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Natural Sun Safety

Posted by Brandy Pridham on

It’s hot and the sun is shining! Our Canadian summers are precious and like most of us you’re probably outside with your family enjoying the beautiful weather before the seasons change. We love spending time outside and with so much sunshine in the forecast, it’s important to practice sun safety.

Since the 1970’s, skin cancer rates have increased dramatically, melanoma rates have tripled over the past three decades. There is no debate that the risks are real and that we need to actively prevent sun exposure to help minimize the risks of sun damage. There are small changes we can make that will help minimize exposure, prevent sun damage and help protect you and your family.

Plan your day! Minimize your UV exposure by planning your day around the sun’s more harmful rays. Plan your outdoor activity with sun safety in mind. Take your family for a hike in the early morning. Go to the park in the late afternoon for a tea party picnic. A perfect schedule for planning an afternoon siesta!

Stay covered! Seek shade and invest in a portable sun umbrella for your family’s trips to the beach or your daughter’s baseball tournament. Wearing long, loose fitting clothing can help prevent sun damage. A wide brimmed hat is best for protecting your head, face and neck and sunglasses are important to help protect your eyes from harmful UV rays. The Environmental Working Group says simply by covering up and protecting your skin from the sun’s UV rays you can reduce your risk of sun damage by 27%. And when it comes to the sun, every little bit helps!

Wear sunscreen! Using sunscreen is one of the most important steps you can take to ensure adequate protection, but trying to determine which sunscreen to use can be confusing. Here are a few qualities to keep in mind:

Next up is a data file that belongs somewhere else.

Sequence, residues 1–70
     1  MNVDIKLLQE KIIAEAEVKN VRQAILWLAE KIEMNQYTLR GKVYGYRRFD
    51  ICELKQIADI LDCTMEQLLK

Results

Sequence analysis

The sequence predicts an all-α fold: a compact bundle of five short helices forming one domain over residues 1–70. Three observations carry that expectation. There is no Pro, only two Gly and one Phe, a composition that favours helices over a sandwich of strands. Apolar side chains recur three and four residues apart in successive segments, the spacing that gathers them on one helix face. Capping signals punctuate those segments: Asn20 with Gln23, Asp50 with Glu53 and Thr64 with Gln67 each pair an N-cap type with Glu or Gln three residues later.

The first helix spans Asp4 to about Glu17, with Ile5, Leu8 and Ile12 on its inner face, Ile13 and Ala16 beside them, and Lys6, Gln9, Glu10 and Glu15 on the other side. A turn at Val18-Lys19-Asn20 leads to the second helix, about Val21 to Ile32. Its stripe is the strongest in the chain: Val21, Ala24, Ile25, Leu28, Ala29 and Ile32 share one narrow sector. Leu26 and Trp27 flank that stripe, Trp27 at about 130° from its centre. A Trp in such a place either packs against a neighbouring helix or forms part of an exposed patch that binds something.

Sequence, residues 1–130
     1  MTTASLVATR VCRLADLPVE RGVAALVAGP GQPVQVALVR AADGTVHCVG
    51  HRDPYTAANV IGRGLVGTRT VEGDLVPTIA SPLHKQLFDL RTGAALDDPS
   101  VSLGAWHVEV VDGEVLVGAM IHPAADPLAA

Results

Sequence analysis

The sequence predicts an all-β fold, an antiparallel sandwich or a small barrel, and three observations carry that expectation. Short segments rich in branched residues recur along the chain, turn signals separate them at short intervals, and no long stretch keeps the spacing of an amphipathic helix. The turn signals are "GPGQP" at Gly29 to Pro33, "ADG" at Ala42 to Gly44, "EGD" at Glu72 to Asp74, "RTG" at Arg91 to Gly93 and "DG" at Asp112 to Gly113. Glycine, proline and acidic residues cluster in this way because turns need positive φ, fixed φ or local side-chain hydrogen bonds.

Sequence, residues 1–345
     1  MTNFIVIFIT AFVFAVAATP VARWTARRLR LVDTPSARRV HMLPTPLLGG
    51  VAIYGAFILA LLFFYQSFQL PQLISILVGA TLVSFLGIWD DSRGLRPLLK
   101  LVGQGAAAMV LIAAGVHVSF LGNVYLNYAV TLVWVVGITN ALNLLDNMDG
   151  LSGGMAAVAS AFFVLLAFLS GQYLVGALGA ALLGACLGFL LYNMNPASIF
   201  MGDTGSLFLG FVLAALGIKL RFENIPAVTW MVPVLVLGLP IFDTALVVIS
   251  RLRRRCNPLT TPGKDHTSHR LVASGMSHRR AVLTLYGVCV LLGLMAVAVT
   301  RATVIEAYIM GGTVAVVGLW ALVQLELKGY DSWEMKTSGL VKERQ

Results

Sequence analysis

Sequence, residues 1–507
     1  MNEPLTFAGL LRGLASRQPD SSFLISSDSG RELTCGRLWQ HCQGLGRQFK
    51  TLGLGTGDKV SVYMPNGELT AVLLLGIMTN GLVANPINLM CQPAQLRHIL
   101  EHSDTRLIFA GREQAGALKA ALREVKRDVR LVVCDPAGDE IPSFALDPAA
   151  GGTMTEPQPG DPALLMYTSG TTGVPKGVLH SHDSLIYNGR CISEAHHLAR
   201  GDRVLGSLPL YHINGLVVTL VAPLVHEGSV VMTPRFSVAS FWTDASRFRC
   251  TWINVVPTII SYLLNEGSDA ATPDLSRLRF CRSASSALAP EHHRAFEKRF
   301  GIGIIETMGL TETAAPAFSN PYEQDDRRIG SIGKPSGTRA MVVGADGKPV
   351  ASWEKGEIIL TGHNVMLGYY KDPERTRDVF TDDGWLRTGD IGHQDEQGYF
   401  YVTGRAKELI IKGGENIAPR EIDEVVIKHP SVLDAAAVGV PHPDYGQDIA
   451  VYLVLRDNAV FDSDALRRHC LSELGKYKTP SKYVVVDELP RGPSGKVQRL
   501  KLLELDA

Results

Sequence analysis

• Consider mineral based sunscreens using zinc oxide and titanium dioxide -- both are stable in sunlight and offer a good balance of protection from the two types of ultraviolet radiation (UVA and UVB).
  • Consider sunscreen that don’t contain potentially harmful additives like oxybenzone, a hormone disruptor, or retinyl palmitate, a form of vitamin A that may harm skin when it interacts with the sun.
  • Consider the SPF number and that higher isn’t always better. High SPF numbers may be misleading in that they don’t necessarily offer greater protection above SPF 50 and may lead you to spend more time in the sun than your SPF protection actually affords you.
  • Consider broad-spectrum protection that will protect against sunburn from the sun’s UVB rays, but will also filter UVA rays that are now considered harmful as well.

A good resource for information regarding sunscreen is the Environmental Working Group’s (EWG) annual Sunscreen Guide. First published in 2007, EWG’s consumer guide on sunscreen has helped inform consumers about the use of sunscreen and what to look for in a good one. Check it out!

I hope you enjoy the sunshine and practice sun safety!


Be happy, be well, BHealthy

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